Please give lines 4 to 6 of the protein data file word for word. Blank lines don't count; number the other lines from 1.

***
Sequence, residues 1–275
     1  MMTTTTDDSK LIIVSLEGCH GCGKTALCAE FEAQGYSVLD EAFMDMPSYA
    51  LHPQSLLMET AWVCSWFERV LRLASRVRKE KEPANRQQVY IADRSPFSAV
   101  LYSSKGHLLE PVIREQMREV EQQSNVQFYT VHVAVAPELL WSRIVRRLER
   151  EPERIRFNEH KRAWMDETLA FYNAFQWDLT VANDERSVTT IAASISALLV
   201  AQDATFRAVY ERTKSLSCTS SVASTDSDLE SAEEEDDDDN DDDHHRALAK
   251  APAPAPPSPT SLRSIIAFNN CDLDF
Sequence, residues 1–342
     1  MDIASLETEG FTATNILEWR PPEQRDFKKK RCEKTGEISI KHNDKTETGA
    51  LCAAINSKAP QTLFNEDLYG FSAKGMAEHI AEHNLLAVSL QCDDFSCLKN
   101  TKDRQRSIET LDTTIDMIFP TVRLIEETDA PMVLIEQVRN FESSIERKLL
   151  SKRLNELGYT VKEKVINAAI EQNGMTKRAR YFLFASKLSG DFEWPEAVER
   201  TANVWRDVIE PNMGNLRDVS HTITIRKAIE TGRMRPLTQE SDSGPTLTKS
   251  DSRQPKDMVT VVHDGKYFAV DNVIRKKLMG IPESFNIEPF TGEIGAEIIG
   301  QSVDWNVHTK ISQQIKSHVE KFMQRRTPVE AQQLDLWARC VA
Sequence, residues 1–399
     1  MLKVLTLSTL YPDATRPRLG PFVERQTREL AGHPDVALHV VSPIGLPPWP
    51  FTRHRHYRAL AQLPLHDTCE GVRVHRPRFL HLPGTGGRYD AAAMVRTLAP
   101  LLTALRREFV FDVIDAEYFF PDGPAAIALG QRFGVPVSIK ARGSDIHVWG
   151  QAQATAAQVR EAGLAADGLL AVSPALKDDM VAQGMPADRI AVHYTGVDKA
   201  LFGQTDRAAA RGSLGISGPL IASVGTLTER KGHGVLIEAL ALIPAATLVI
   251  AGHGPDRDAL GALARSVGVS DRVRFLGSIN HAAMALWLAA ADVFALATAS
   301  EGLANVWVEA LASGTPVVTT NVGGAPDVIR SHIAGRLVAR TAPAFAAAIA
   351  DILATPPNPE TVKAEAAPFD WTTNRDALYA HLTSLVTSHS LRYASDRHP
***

   101  LYSSKGHLLE PVIREQMREV EQQSNVQFYT VHVAVAPELL WSRIVRRLER
   151  EPERIRFNEH KRAWMDETLA FYNAFQWDLT VANDERSVTT IAASISALLV
   201  AQDATFRAVY ERTKSLSCTS SVASTDSDLE SAEEEDDDDN DDDHHRALAK